JEFF Chandler will be best remembered flying down the wing at Burnden Park.

Now he spends his days trying to stop children running away from school.

The former Wanderers favourite scored 46 goals in 209 appearances in two spells with the club.

But Chandler, who turned 50 this year, is now a pupil welfare officer in Blackpool.

And he draws on many of the experiences of his playing days in his daily job of working with youngsters who play truant and helping improve their attendances.

“There are similar peer pressures and negative influences as when I was a player,” said Chandler.

“I never got in trouble with the law but that’s not to say I didn’t make wrong decisions; whether that was falling out with managers or not training hard enough.

“My job now is about making young people aware of those pitfalls.

“It’s very different to football, though there are similarities. I work in a team and need the support of team-mates for a successful outcome.”

Chandler started at Blackpool in 1975 and moved to Leeds in 1979 before joining Wanderers, who were then in the old Second Division, for £40,000 two years later.

The skilful wide man played some of the best football of his career in his four seasons with Bolton, finishing top scorer in the 1984/85 season, though he could not prevent the club dropping into Division Three.

“Manager George Mulhall bought me and I loved it at Bolton,” he said.

“I played up front with Tony Caldwell and George Oghani. We scored 60-odd goals between us and still only finished halfway up the league.

“We played some really good attacking football but just couldn’t defend. I blame the defenders although, in fairness, the three of us never came back further than the halfway line.

“Seriously though, something wasn’t right because we were scoring a lot of goals. I’m not blaming the defenders but we should’ve been doing a lot better. It was a shame.”

The Shepherds Bush-born forward departed for Derby in July 1985, but returned two years later for £20,000 — half the amount he had left for — only for disaster to strike when he ruptured his knee in just his fourth game back, a League Cup clash with neighbours Wigan at Burnden Park.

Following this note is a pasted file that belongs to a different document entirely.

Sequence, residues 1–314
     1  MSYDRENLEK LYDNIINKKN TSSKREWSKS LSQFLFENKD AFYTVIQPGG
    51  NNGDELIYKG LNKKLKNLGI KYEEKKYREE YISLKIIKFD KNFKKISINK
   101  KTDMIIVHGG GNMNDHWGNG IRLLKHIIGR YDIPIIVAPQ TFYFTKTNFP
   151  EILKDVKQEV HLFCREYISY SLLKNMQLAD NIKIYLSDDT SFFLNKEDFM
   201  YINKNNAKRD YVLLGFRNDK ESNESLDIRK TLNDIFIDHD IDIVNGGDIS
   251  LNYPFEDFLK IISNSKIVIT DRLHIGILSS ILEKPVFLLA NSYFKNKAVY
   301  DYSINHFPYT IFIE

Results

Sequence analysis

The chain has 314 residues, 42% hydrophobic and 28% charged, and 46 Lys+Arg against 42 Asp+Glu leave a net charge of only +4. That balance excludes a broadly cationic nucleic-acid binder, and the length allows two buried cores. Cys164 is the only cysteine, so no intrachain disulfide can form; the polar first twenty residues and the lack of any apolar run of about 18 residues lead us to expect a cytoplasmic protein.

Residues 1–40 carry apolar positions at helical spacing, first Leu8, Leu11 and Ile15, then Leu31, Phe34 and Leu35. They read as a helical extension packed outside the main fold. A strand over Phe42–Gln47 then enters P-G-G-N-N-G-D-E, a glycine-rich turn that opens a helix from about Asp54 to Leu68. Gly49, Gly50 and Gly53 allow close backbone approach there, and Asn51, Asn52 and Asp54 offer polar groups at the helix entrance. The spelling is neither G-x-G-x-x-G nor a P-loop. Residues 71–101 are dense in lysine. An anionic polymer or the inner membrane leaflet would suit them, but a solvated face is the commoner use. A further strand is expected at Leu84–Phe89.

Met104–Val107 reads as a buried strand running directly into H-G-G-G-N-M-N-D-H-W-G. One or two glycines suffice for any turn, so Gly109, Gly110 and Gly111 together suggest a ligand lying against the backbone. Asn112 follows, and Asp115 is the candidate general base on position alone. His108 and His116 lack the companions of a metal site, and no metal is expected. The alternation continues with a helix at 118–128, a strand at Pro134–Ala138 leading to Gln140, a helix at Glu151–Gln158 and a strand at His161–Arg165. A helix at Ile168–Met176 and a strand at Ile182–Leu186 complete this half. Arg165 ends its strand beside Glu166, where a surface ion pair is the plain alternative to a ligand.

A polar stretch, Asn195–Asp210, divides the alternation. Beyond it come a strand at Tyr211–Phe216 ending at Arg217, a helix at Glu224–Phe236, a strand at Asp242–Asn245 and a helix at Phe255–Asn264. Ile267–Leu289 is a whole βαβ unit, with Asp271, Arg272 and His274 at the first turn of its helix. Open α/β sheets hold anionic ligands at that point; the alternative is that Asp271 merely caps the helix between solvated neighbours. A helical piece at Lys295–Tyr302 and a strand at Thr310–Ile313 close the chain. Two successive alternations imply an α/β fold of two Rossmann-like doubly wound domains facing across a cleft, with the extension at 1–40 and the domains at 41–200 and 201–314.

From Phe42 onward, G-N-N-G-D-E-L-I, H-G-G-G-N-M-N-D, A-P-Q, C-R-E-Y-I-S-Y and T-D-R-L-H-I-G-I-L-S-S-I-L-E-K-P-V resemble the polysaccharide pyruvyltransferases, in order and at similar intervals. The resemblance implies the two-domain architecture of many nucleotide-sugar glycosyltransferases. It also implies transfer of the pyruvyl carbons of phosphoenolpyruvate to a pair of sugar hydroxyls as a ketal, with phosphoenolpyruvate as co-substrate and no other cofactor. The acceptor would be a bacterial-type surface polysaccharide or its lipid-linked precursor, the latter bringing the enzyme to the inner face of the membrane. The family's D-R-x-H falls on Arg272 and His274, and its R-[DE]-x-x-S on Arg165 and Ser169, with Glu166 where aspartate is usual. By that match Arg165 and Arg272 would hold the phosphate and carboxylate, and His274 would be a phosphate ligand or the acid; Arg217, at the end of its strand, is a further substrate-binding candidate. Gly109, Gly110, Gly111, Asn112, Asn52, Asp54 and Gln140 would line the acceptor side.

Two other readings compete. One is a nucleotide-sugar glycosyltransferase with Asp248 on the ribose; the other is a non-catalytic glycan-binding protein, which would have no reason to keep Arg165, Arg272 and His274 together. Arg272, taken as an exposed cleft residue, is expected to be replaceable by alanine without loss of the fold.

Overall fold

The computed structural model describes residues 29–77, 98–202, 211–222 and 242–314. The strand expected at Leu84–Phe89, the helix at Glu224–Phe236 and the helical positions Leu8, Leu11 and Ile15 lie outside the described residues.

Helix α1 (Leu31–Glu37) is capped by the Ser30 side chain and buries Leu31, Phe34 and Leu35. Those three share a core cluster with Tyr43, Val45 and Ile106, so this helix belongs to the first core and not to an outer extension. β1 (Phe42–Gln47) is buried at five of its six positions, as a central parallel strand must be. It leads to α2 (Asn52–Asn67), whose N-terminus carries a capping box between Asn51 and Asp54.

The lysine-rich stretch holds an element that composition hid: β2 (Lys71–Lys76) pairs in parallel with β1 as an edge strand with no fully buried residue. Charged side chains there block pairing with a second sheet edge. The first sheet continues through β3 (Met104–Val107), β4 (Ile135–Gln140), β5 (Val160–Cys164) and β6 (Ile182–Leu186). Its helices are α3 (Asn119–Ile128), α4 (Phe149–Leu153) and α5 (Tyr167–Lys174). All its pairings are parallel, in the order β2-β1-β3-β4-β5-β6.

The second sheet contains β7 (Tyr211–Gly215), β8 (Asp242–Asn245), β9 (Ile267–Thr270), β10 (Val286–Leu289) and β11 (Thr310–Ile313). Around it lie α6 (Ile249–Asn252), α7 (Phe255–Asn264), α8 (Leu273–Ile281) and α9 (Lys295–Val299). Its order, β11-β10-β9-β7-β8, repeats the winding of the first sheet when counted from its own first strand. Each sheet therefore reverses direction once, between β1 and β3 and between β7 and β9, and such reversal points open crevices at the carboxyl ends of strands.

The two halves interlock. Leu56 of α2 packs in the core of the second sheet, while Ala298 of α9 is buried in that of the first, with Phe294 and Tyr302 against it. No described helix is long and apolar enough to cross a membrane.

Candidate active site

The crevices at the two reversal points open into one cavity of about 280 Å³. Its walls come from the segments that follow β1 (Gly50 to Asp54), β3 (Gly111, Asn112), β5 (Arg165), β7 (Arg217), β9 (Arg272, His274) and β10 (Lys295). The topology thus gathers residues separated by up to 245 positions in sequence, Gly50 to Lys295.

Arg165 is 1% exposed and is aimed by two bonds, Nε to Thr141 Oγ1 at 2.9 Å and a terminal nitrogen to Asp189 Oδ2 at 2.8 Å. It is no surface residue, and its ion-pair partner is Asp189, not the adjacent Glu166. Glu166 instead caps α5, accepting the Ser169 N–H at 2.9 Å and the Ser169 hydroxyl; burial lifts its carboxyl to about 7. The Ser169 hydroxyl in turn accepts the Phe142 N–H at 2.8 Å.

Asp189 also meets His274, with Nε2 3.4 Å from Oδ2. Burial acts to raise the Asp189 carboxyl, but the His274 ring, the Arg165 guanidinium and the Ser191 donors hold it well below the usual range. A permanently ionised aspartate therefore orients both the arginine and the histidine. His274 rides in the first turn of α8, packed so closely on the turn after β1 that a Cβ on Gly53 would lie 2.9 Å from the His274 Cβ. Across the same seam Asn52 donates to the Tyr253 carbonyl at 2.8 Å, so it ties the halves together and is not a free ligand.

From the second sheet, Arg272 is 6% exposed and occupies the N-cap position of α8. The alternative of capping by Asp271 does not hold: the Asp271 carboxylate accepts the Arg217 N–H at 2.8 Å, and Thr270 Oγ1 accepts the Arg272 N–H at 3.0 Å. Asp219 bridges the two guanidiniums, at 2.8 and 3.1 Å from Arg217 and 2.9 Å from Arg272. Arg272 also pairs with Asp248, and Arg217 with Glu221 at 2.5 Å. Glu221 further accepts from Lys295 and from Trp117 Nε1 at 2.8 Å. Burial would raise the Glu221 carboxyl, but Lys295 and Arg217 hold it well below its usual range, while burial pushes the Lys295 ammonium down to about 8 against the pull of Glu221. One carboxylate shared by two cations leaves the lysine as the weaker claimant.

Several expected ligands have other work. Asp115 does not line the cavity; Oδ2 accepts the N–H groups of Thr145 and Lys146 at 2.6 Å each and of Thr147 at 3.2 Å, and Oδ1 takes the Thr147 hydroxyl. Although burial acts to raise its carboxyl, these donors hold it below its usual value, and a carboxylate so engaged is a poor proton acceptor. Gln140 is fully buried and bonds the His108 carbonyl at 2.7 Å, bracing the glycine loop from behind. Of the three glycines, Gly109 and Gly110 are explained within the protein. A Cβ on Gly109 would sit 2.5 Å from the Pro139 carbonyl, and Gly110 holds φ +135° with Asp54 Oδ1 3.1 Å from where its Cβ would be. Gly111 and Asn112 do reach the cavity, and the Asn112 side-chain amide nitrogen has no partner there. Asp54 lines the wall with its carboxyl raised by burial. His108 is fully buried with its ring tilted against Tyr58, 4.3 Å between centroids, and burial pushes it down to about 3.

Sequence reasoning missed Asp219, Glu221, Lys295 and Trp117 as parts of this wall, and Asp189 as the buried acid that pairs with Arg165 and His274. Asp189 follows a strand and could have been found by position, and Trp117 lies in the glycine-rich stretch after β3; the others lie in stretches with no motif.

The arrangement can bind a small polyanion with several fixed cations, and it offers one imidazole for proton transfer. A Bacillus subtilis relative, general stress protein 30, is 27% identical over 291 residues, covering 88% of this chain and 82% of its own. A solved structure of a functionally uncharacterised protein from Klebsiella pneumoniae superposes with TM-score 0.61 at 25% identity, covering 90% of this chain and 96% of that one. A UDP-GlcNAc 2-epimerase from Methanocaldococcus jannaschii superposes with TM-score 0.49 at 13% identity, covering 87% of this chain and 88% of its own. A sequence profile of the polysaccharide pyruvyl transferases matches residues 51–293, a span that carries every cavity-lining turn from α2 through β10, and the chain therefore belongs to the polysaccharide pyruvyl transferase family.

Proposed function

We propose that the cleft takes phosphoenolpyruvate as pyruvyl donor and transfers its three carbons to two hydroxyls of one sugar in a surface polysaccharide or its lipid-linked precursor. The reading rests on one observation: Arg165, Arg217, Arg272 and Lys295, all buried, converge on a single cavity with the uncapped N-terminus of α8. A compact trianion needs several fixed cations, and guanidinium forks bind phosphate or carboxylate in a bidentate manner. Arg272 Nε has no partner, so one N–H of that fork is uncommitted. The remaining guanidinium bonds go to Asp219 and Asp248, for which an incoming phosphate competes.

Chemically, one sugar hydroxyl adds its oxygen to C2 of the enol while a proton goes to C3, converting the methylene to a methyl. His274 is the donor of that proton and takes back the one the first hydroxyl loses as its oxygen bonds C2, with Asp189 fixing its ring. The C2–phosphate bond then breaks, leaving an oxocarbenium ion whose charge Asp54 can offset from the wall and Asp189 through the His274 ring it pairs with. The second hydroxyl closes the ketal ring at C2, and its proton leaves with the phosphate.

“I was never the same player after that,” Chandler admitted. “The ball went over my head and I jumped for it and fell awkwardly. I heard my knee snap. I came back in the following April but I wasn’t the same.

“The problem was that, in my head, I thought I was and I wasn’t. I fell out with manager Phil Neal a lot and 99 per cent of the time it was my fault. I realise that now. In fact, we had so many arguments I was surprised when he picked me for the Sherpa Van Trophy final against Torquay in 1989.

“I’d managed to get back into the side against Crewe in the early rounds and we’d gone on a 23-game unbeaten run but, in the last game of the season, I picked up a thigh strain and was a doubt.

“But he picked me and I scored, albeit with a big deflection.

“It was a great experience just playing at Wembley. There was a big crowd and the club hadn’t done anything for a long time. I still think that win kick-started the success of the next few years.”

Chandler left for Cardiff in 1989 but, after two seasons and another serious injury to the same knee, he retired after 16 years in the game and began to look for a new career.

After several years searching, including a stint in double glazing and investing in a Range Rover garage, a friend asked him to help out in a care home in Fylde.

He said: “I started volunteering, then as a casual worker and then a full-time position came up and I got it. It’s difficult when you finish playing. You think it’s never going to end and don’t appreciate it as much as you should.

“I’d never considered going into that line of work but, after the wake-up call of finishing football, I was probably more dedicated to it than I was to football, which was the wrong way round.

“Unlike some of the players, Tony Caldwell for example, who had worked before he played, I’d gone straight into the game from school. I never knew what it was like to get up in the morning and have to go to work and fight for a living.”

After five years working in a care home, Chandler, who played twice for Republic of Ireland, embarked on a very different career before moving into his current role in June.

He explained: “I became a youth offending officer in Preston — visiting prisoners and working with the families, that type of thing — and I did it for seven years.

“Then I saw this job advertised and fancied a change in direction.

“In my job I have to engage with young people and the fact I used to play football definitely helps sometimes.

“It was tough and I had do a diploma in counselling at Blackpool Fylde College — It was awful. I hadn’t been in a classroom since 1975 and I wasn’t even in it very often back then.

“But I’ve been very fortunate to find something I enjoy doing, though it’s not the same as football. You really can’t beat running out of a tunnel in front of the crowd.

“I loved my time at Bolton but I don’t miss it because I don’t regret anything.

“It’s about taking that experience forward and passing it on — and that’s what I’m trying to do now.”